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Opinion Korean tensions continue to grow

George Hasara The tensions in the Korean peninsula are like a jar of kimchi that has been fermenting way past its expiration date. It's been six decades since the signing of the Korean War “police action” cease fire. The divisions between the two Koreas have only intensified with time and are far wider than the demilitarized zone that separates the North and South near the 38th parallel. In the immediate aftermath of the Second World War, the Americans and Russians decided that Korea would be divided in half under the control of the two super powers. The Koreans didn't get the memo and weren't consulted on the deal, but have been living with the consequences ever since.

Both the U.S. and Soviet Union orchestrated the establishment of “cooperative” governments in their respective “spheres of influence.” The Russian army is long gone, but our military is still there with around 28,000 troops stationed in South Korea serving as a trip wire to bring us “back to the future” in the Korean War part two.

The Cold War is over but the inertia it created, continues. U.S. bases in Europe originally set up to counter a threat from the Red Army, remain. Troops stationed in South Korea for the purpose of preventing a “domino effect” of world communist domination are still in place. Paying for the perpetual defense of prosperous nations only makes sense in the bizarro world of global politics.

South Korea has twice the population and depending on what estimate is used – 10 to 20 times the GDP of North Korea. The South's military is modern and fully equipped. In part, because of the U.S. military backing for all these years, South Korea has not had to come to terms with reconciliation or reunification with their northern brothers.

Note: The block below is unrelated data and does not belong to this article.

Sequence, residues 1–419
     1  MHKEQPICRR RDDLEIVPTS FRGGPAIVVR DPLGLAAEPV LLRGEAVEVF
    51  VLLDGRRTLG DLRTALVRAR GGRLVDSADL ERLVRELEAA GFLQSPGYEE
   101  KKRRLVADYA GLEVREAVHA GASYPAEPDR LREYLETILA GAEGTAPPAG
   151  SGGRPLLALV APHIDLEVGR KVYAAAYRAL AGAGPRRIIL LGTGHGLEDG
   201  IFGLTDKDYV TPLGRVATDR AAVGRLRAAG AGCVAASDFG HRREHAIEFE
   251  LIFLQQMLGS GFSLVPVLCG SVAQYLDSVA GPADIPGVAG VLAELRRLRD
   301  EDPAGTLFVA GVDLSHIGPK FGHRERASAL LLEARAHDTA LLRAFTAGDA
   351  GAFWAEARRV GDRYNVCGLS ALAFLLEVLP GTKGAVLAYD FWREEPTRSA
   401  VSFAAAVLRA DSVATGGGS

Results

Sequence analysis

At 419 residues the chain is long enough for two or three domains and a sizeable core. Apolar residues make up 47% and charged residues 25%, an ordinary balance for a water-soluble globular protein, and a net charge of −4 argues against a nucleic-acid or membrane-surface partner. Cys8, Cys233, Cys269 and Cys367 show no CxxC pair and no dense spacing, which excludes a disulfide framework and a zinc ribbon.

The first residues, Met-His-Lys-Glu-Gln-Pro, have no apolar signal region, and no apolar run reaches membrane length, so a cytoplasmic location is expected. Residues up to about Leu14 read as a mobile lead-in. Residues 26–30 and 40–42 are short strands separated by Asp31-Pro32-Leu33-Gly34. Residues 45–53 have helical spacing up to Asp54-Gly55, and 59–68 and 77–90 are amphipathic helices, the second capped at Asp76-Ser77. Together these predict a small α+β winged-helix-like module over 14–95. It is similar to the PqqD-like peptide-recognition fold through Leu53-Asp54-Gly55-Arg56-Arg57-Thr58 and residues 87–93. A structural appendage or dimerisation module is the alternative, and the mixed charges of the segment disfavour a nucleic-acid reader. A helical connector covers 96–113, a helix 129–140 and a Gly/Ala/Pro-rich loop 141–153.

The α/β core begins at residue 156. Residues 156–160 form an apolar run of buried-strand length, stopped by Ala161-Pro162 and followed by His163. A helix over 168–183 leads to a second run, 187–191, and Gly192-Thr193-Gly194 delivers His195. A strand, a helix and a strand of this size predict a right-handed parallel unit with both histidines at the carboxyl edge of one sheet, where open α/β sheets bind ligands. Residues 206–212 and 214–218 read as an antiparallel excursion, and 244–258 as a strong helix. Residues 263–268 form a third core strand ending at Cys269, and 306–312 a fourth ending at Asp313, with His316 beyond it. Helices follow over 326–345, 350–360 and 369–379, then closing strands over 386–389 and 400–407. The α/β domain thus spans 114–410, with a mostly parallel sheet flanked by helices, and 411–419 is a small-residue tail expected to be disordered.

Trying to decipher the intentions of Kim Jong-un or whether or not he is the one really calling the shots is any “expert’s” guess. It sounds like Kim Jong-un modeled his threat-making skills after comedian Jeff Dunham's puppet, Achmed the Dead Terrorist. "Silence! I will kill you!" is funny coming from a puppet, but then again, Achmed doesn't have his hands on any nukes.

True, it's hard to take a figure like Kim Jong-un seriously. Young, overweight, bad dresser with a lousy haircut, he's a comedian's dream dictator. He does have a gorgeous wife, however. Kim Jong-un may be all bluster, and as long as that is all it is, we can be amused. While North Korea's military may not be capable of victory, it is still lethal enough to make all those involved pay a heavy price for “winning.”

I know that Dennis Rodman is a tough act to follow but our president should at least give Kim Jong-un a ring on the phone, after all, they both like basketball. The worst case scenario of presidential contact is that nothing gets resolved – just like it hasn't for the last 60 years. War could break out before this article goes to print or tensions could fester for who knows how long. Until the lid is taken off that jar of kimchi, the potential of one big mess will only get worse with time.

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